This is the first of a series of installations in multiple countries. Starting with Anyang, the next will be located in Yamaguchi, Japan. A camera at each site continuously captures images of visitors to the installation and sends the photos to another location. As a visitor interacts with the piece, it tracks their facial expressions and finds a matching image that was sent from the other location.
*Sharing Faces* is inspired by traveling between countries with many similarities that still have some tension between them. It's inspired by stories like the intervention of the Sabine women in ancient Rome, the internal conflict of Arjuna at the Kurukshetra battlefield, the revelation of Father Zosima in *the Brothers Karamazov*: stories where the value of frustration and struggle, sometimes even between brothers, is questioned. When we have trouble seeing eye-to-eye, or face-to-face, sometimes we just need to spend some time looking at each other. And if you look long enough, you will discover: we all wear the same expressions, we share the same faces.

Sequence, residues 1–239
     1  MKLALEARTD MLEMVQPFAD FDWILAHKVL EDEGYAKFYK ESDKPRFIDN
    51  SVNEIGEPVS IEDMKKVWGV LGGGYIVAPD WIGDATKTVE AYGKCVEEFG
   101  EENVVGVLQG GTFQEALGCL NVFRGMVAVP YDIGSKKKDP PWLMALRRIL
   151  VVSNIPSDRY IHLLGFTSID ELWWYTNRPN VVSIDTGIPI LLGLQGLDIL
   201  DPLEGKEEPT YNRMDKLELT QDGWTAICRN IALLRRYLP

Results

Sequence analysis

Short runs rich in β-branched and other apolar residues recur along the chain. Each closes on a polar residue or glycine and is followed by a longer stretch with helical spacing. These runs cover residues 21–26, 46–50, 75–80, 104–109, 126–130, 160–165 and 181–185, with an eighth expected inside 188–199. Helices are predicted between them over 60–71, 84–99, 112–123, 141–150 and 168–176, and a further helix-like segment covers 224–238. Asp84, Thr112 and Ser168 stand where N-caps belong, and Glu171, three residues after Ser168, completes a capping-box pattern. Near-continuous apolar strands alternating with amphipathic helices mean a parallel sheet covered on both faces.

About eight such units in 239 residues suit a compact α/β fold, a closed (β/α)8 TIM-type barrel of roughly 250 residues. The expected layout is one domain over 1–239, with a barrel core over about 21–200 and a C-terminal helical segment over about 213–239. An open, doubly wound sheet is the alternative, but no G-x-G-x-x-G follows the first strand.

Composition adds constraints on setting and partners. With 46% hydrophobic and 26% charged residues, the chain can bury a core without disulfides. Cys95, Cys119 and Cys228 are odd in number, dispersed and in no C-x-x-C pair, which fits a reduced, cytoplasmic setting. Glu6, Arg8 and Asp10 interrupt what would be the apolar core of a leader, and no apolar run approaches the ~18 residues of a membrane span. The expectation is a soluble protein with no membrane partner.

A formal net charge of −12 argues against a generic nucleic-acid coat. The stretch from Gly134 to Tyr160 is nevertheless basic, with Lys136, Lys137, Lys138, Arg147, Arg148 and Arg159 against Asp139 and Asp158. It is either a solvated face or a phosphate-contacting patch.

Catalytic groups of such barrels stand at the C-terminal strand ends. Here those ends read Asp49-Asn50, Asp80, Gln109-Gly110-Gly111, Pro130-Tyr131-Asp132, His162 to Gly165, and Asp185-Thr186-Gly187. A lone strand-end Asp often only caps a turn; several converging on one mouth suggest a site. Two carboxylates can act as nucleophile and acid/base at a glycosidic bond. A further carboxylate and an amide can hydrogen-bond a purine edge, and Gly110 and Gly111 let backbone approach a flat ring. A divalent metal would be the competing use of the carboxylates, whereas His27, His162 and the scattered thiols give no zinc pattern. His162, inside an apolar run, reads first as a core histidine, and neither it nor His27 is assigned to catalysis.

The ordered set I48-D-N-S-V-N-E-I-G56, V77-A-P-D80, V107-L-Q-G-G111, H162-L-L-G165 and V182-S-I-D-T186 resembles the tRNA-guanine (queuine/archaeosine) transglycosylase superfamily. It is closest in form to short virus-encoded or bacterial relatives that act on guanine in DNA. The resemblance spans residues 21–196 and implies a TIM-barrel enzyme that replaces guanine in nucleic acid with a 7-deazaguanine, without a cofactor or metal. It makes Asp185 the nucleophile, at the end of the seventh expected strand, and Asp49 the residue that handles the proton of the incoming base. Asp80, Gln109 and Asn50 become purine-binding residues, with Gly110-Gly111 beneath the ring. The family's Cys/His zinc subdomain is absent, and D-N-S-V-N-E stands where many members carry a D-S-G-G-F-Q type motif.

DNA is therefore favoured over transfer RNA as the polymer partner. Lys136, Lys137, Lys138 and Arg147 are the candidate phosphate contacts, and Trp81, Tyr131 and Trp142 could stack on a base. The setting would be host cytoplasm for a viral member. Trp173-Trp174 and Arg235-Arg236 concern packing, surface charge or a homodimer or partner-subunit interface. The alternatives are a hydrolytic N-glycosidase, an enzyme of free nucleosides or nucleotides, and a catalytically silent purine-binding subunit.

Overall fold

카일 맥도널드 Kyle McDonald ∙
Media artist who works with code, with a background in philosophy and computer science. McDonald is a regular collaborator on arts-engineering initiatives such as openFrameworks, having developed a number of extensions which provide connectivity to powerful image processing and computer vision libraries. His work ranges from hyper-formal glitch experiments to tactical and interrogative installations and performance. He has been Guest Researcher in residence at the Yamaguchi Center for Arts and Media, Japan, a fellow at the STUDIO for Creative Inquiry at Carnegie Mellon Universitym and is currently teaching at NYU's Interactive Telecommunications Program.
Sharing Faces is simultaneously installed in both Anyang Pavilion and Yamaguchi Center for Arts and Media(YCAM).
180 Yesulgongwon-ro, Manan-gu, Anyang-si, Gyeonggi-do